Modern viewers may have difficulty with some details of the plot, as I did. Because of the censorship laws of the time, the filmmakers presumably weren't allowed to mention the word "prostitution," so it took me a little while to figure out exactly what was going on. But it eventually became clear.
The Kino DVD release has a pleasant, low-key piano soundtrack by Robert Israel that I really enjoyed.
The Showdown (1928)
"The Showdown" is a follow-up to Josef Von Sternberg's "Underworld," reuniting some of the same cast. George Bancroft plays "Lucky" Cardan, a tough-as-nails oilman who has a history of finding wells and losing them to the scheming reps of bigger companies, such as "Winter" (Fred Kohler). Evelyn Brent plays the "good" woman who disturbs Cardan's isolated world. The setting is rather unusual for a silent film: a Latin American jungle ("The Showdown" came out some months before Tod Browning's "West of Zanzibar").
I was a little worried that the movie would dwell boringly on the technicalities of oil fields, but the real story turned out to be about the rivalries of the Western men who work the wells. In some ways, the industry doesn't seem to have changed much: the locals are still stuck serving the richer outsiders, and the specter of Big Oil hovers in the background.
What really has changed is the movies' view of women in society. The male characters fight over the local prostitute, Goldie (charmingly played by Helen Lynch), but no one considers her worthy of respect. When a new oil-seeker appears, bringing along his high-class wife, Sibyl (intense and beautiful Evelyn Brent), the men are both shocked into behaving with more decorum, and desperate to bring her down. Cardan declares that there's no way she can remain "decent" in "this country." (I was unclear on exactly where the story takes place, but a contemporary reviewer put it in Mexico, which makes this declaration all the more ignorant.) Insulted, Sibyl insists on remaining in the isolated encampment to stand by her husband (played by Neil Hamilton, later Commissioner Gordon on "Batman").
Evelyn Brent plays a very different character than her "Feathers" gun moll in "Underworld." Sibyl is a very correct woman, who dresses for dinner even in the jungle (much to the scorn of the New York Times in 1928). Oddly, the movie argues that this level of formality is a sign of civilization: when Sibyl stops setting her hair, or dressing for dinner, Carden warns, that will show that her purity is beginning to degrade. Who knew a curling iron was the only thing standing between a woman and the total loss of her character!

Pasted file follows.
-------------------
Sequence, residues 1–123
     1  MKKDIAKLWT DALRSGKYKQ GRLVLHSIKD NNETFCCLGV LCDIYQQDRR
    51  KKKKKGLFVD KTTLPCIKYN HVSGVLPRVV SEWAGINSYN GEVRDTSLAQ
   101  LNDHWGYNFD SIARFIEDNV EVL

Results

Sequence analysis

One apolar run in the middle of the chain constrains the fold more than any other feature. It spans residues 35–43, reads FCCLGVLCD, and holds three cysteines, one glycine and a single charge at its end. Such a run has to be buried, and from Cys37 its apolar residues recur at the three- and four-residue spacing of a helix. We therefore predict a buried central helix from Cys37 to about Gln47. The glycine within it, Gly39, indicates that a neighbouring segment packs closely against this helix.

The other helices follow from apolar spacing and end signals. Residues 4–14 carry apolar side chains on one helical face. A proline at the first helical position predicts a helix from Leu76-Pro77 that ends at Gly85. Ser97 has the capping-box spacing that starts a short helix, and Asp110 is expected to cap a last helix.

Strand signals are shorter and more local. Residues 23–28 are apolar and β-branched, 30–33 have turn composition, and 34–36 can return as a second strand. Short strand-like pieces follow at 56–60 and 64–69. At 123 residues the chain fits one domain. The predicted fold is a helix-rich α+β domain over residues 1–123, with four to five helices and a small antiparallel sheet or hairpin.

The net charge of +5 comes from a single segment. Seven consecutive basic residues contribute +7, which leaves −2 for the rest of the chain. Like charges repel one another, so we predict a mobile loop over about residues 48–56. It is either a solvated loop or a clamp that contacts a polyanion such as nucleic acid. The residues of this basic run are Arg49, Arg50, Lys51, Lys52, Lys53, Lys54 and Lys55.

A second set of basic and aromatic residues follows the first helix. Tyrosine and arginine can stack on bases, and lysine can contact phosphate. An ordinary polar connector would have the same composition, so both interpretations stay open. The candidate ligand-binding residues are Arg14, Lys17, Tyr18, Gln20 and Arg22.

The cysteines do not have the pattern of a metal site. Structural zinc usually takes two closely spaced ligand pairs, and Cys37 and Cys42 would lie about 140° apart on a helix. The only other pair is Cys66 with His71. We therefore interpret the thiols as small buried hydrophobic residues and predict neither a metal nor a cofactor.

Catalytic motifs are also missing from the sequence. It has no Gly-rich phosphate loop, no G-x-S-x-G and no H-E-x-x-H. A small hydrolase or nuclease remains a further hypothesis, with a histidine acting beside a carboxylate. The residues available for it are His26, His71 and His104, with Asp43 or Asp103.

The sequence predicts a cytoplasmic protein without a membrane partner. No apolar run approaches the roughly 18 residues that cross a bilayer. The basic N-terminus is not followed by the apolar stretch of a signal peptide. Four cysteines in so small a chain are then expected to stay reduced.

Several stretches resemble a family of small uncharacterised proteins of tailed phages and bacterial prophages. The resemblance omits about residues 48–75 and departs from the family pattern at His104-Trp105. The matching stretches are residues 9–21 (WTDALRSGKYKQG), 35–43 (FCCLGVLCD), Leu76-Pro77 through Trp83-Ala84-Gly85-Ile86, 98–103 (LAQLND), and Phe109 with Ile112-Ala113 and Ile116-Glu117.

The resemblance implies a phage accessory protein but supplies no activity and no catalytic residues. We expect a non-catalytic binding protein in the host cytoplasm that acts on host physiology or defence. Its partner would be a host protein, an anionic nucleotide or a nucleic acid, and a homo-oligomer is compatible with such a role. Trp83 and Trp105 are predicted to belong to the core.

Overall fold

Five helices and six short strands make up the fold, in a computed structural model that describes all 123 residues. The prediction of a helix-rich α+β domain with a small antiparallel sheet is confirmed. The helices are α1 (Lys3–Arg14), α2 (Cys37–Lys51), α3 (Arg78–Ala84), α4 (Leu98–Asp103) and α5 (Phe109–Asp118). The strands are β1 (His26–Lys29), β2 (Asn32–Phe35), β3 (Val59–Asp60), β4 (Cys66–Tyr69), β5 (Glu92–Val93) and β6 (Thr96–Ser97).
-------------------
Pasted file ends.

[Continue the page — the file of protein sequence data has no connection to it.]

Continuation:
The moviemaker seems totally unaware that what really threatens Sibyl is not the country.
It was somewhat encouraging to read a contemporary review of the film, available on the NY Times website, which found the story ridiculous. Let's hope most real women of the 1920's didn't have to face this kind of attitude. Yet, despite the disturbing gender politics, and the mildly racist portrayal of a Chinese character (George Kuwa), modern fans of silent dramas will find a lot to like in "The Showdown." The acting is believable, the different faces are fascinating, and the world the movie creates is compelling. The camera-work and lighting are beautiful, and the outdoor setting well-shot--the scenes don't look trapped in a studio.
The costumes do much to enhance the characters. If you've ever fantasized about dressing in 1920's splendor every day, Evelyn Brent's outfits will cure you of it. Each of the oilmen is casual in a different way--with the exception of the English rep for Royal Oil, who wears comically inappropriate, beautifully tailored suits.
I wouldn't be surprised to find that this film (or Houston Branch's play, "Wildcat," upon which it was based) helped inspire both "West of Zanzibar" and "The Night of the Iguana;" though the idea of Westerners struggling in the jungle certainly came before the movies.